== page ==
• I don’t think that simply having exhibition after exhibition is a good idea—it needs to be spaced out. Real life conferences have a range of different activities available to attendees. And I’m not saying digital conferences don’t do this, but just doing giveaways and contests isn’t going to cut it. Round-table discussions with a panel of experts, Q&A sessions with creators, inviting industry experts to give special presentations and the like are just a couple of ways to up engagement and get people talking to one another
  • Having separate rooms with exhibits is OK, but I feel like this format doesn’t really work since you then end up with certain areas being completely empty or populated by a few bots and trolls. It’s kinda weird to me. I would rather have fewer exhibits in a larger room where everyone attending has to co-mingle. I want to see a bustling floor space with a bunch of people all interacting and checking stuff out. That feels exciting and engaging to me
  • Try to vary the kinds of exhibits in the space. NFTs projects are cool, but what about people developing new technologies and solutions in the world of web3? What about metaverse projects or new platforms? How about authors and bloggers? Or even just communities? A range of exhibitions brings in people from across the industry and promotes collaboration and innovation. Those prospects excite me
  • Have some kind of quality control for exhibits and talks - I have attended conventions (not DYGYCON) where speakers have had bad connections, bad software and just bad presentations. I’m not saying everyone has to be a pro with amazing tech and gear, but having some standards isn’t a bad thing. It encourages people to up their game and to compete for spots rather than just getting them or buying them. Merit has to come into play if we’re going to make these experiences better for everyone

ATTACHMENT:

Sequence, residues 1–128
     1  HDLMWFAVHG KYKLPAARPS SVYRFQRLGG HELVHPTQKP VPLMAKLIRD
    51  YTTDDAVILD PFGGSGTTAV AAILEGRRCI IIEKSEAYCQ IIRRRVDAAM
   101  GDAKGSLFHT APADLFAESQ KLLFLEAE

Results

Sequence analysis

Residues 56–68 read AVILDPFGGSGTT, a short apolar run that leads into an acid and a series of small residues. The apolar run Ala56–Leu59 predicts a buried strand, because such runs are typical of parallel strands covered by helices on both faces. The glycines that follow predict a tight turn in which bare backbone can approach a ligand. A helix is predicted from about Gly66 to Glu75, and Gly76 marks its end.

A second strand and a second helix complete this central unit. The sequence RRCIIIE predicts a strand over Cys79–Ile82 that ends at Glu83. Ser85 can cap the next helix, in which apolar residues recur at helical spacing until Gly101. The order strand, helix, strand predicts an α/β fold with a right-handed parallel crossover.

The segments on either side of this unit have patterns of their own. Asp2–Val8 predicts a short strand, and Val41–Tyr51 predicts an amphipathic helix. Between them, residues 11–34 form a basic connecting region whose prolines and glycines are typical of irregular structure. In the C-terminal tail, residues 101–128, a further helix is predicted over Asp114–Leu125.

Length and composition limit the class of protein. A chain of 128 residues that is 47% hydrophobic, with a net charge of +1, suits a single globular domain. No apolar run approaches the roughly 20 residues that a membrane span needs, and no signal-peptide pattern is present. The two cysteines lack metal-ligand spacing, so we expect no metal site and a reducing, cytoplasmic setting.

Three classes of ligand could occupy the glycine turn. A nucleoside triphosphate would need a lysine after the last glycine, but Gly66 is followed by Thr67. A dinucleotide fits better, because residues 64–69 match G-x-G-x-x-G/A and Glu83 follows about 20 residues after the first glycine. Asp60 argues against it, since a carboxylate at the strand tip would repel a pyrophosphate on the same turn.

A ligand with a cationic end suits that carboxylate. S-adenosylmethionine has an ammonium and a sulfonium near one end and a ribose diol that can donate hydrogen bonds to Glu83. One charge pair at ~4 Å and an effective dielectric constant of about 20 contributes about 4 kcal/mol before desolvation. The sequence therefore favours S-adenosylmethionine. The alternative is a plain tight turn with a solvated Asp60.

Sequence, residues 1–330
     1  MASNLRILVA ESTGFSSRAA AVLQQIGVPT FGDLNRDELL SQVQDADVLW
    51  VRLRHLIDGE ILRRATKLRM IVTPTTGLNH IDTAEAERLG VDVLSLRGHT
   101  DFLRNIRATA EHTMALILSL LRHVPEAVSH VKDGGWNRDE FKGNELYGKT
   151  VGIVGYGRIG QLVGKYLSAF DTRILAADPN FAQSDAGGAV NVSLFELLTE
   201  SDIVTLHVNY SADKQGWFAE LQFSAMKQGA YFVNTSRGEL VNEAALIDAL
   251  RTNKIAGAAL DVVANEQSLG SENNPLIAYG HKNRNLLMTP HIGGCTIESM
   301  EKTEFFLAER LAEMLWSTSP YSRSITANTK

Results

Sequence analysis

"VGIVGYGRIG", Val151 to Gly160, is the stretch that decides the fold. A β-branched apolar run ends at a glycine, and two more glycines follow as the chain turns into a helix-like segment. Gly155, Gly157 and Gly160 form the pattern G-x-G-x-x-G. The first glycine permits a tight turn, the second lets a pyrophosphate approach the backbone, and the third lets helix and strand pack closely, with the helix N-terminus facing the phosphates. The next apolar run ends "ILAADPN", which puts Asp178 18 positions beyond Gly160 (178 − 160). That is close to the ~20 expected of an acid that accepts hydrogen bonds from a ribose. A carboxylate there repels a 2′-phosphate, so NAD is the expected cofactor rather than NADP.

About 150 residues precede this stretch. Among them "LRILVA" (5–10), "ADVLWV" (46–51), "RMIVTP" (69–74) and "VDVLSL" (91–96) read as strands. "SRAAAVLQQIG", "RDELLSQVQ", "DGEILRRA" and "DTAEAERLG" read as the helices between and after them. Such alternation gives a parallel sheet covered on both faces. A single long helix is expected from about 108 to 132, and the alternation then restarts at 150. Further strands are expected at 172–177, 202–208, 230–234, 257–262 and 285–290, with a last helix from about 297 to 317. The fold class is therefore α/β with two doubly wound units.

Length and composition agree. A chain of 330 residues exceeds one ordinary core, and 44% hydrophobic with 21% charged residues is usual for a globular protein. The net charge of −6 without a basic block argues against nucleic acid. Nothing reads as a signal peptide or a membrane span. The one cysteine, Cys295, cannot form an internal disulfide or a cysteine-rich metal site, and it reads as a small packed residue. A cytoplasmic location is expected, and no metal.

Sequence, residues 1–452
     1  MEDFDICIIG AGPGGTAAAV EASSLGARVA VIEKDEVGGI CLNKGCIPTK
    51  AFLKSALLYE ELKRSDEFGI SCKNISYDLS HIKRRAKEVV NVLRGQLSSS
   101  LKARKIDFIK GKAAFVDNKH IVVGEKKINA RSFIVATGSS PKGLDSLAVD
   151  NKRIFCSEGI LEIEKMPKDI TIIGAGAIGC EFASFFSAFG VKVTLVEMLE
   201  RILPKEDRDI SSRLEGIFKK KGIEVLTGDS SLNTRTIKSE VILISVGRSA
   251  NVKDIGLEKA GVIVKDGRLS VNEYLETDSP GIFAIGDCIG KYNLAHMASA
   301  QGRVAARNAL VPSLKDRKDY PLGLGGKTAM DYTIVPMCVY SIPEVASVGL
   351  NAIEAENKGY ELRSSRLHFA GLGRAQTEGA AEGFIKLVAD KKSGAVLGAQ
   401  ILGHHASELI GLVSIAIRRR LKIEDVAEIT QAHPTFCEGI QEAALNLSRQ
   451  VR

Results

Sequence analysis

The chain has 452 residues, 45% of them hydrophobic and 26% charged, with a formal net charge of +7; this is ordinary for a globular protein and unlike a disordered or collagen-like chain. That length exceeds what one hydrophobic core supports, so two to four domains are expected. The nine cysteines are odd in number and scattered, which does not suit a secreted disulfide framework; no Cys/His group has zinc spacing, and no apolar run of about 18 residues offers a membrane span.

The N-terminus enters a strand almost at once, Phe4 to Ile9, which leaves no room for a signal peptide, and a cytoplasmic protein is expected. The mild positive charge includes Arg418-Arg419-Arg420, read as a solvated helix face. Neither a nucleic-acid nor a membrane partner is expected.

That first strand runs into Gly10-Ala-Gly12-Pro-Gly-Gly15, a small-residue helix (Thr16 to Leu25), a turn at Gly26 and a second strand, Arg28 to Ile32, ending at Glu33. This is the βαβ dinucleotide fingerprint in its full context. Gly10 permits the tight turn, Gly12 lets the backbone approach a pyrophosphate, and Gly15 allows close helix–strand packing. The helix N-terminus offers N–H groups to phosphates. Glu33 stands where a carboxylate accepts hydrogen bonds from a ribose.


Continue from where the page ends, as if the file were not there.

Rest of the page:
Where to From Here?

If any of my suggestions excite you, or even if you have your own, then that’s fantastic. That said, I would encourage anyone reading this to attend digital conferences and conventions like DYGYCON to get a feel for the space and to contribute where they can. I have huge respect for communities and projects working to create platforms and new experiences for people. It’s bold and exciting, and I think a lot of progress has already been made.

This said, is there room for improvement? Absolutely. And if we’re going to build experiences and finally get The Metaverse we so desperately wish for, we’re going to have to make our voices heard and get involved in communities and provide projects with good constructive feedback. It’s easy to complain and condemn, but most creators do want to hear feedback, both good and bad. Those that take good criticism into account will likely become some of the top names in the industry while those that ignore chances to improve and try new things will fade into obscurity.

The world of digital conferencing is absolutely fascinating to me, and I’m excited to attend more in the future. I’m also sure more and more people will start to join the fray and contribute, and this will drive innovation and further enhancements. It’s all good stuff, and to platforms like DYGYCON I say ‘Bravo!’ I’ve no doubt they have much planned for the future and will make significant improvements as time goes by.

The next DYGYCON is set for 23 - 25 September 2022. Make sure you register and check it out! You won’t regret it! And be sure to let us and them know about your experience!

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When not playing drums in his death metal band, Brynn can be found reading up on all the latest developments in the world of Web3, watching horror movies or playing online games with his friends.